“Writing about affairs is very difficult and very intricate,” He smiled and somehow it accentuated his tan. “How did you research for this piece?”
“I watched a lot of Sex and the City,” came the reply.
I rolled my eyes and hoped the poet didn’t take note.
He looked at her as if the sun had blessed her with a gift. Then in my stomach, I felt that uncomfortable twisting. The rage that threatened to turn my skin green.
Let’s talk about Sally
Sally is ambitious. She is driven. She is talented. She is devoted to getting to her goal. She is confronted with lecherous agents, horrific roles that fail to represent women and men who seem to forget that women are people too — and no, you cannot use a period pun on your poster.
After dealing with a rather idiotic producer who appeared to have never met a woman in his life, she finds out that Barry who doesn’t have an agent and was sitting waiting for her in the reception has been offered an audition for a lead role based solely on his height.
She is understandably furious. She is jealous. She is guilty about being jealous. She is confused and distraught over her conflicting emotions.
When she calls Barry out and lets the truth be spewed from her mouth, he can only stand and take it.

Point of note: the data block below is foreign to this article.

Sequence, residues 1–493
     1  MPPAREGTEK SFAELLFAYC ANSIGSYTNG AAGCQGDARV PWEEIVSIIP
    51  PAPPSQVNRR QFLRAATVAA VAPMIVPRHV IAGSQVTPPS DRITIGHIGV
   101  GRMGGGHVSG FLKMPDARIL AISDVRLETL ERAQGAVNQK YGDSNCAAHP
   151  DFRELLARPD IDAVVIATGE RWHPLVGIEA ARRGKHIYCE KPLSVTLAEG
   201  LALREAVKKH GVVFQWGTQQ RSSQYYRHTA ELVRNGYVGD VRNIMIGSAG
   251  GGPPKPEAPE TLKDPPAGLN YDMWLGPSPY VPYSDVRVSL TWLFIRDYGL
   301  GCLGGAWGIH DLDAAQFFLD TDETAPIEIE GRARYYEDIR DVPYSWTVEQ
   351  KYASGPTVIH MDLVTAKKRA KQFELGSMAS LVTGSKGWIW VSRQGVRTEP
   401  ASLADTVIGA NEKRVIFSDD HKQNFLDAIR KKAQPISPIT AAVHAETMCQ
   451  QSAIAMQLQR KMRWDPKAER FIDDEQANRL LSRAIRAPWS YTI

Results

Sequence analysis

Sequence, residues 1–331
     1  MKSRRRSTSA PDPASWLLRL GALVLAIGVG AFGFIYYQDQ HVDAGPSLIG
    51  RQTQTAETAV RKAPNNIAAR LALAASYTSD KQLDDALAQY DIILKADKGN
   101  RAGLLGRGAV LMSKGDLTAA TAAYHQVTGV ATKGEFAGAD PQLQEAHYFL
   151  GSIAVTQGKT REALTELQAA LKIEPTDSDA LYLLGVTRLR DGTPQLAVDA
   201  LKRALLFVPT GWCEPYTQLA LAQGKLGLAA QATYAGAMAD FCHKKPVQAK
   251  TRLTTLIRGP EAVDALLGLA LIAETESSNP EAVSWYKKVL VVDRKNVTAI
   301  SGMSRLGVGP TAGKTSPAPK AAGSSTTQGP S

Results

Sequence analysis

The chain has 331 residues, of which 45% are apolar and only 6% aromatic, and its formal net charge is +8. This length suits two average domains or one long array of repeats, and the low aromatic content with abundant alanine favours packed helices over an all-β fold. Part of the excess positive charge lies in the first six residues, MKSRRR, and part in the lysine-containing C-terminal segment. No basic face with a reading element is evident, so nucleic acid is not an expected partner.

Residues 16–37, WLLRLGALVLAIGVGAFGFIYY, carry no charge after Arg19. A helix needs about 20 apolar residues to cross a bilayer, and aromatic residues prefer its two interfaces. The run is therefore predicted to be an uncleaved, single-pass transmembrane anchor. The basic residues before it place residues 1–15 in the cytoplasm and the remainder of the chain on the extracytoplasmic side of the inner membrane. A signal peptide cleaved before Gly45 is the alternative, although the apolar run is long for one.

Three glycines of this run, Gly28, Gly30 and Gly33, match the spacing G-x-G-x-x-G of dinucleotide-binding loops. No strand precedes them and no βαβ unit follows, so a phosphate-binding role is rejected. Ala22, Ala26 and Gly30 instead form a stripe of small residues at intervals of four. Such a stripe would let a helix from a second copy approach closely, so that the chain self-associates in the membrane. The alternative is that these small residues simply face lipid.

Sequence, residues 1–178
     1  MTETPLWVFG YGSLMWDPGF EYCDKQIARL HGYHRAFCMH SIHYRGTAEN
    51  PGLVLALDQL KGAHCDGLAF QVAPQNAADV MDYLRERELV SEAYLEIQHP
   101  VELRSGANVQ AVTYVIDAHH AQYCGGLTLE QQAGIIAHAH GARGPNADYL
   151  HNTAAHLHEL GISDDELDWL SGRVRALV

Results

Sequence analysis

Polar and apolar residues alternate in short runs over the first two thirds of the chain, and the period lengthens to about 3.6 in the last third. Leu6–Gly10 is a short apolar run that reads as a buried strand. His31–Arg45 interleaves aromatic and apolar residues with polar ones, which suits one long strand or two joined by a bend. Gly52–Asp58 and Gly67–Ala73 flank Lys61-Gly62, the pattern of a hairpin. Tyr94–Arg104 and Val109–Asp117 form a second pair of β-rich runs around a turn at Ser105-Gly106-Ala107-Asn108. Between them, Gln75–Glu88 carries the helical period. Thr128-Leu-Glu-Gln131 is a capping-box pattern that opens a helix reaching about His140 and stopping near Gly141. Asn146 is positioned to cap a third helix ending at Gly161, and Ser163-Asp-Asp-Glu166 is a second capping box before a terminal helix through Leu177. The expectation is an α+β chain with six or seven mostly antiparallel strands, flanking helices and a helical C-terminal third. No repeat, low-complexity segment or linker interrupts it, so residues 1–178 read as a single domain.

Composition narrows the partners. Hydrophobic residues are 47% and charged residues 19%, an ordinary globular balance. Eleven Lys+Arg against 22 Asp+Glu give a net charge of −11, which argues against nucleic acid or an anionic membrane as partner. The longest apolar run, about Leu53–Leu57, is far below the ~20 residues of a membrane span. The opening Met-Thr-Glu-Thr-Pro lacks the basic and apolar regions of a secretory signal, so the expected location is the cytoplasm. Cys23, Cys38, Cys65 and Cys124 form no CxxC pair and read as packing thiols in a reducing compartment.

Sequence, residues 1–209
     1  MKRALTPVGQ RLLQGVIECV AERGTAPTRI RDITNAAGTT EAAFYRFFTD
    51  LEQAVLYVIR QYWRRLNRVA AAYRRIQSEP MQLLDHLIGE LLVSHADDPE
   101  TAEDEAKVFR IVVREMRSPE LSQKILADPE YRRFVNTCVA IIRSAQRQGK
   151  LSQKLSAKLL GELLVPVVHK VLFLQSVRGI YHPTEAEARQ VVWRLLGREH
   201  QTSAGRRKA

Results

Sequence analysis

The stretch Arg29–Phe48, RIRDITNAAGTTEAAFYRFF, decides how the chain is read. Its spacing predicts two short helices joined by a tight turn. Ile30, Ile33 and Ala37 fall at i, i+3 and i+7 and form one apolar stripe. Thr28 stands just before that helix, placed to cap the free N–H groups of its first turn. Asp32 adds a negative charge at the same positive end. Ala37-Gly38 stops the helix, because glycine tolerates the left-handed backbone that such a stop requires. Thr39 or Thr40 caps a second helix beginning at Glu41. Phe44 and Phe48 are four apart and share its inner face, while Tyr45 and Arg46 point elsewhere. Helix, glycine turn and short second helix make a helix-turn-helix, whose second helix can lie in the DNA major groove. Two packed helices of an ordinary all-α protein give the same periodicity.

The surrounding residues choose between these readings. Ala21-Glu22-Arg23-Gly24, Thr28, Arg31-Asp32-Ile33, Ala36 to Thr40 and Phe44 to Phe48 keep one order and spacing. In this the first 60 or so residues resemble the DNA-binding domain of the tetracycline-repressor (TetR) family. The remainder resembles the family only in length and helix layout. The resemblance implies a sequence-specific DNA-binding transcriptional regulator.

I can’t help but protest!
I recently got back in touch with an acquaintance who I met at university. I was asking for his advice when we started to discuss what we are currently doing in our lives. I explained that I was freelancing and trying to keep writing.
When I asked what he was doing, I was surprised.
After working in journalism for a number of years, he told me he had ended up in television. More specifically he had ended up as an assistant producer, had written and contributed to scripts and hoped to be an assistant director within a couple of years.
Later that night, I reread his message.
That fury returned. The blind hatred descended, and I felt like screaming.
For months, I have been turned down for jobs I was not only qualified for but had experience and training in. There are literally people putting themselves into debt to learn to write stories, and there are people who are studying scriptwriting and media then been forced into the low-paid customer service jobs.
I am a trained storyteller (and journalist) and I can’t even get a job in communications.
Acting isn’t writing
For a brief time, I took acting classes. I was one of 8 being intensively trained to act for television. The reason I quit and didn’t return, I didn’t explain to the other people I had met.
But on my last week attending, I was handed a script.
It was a dialogue between two people and the instructor proclaimed that these roles were genderless. I would have believed him if one of the roles hadn’t been called Liz… The dialogue was stunted, and the same tropes came up again and again.
Leaving the class, I looked for voluntary acting opportunities. I read page after page of student productions where women acted like they were out of their minds, or vengeful harpies, or innocent easily-manipulated lambs for slaughter.
I fell back in my chair after reading yet another script where the woman decides to go into the countryside with a man she doesn’t know. He displays all the signs of someone who wants to harm her, yet she follows him anyway.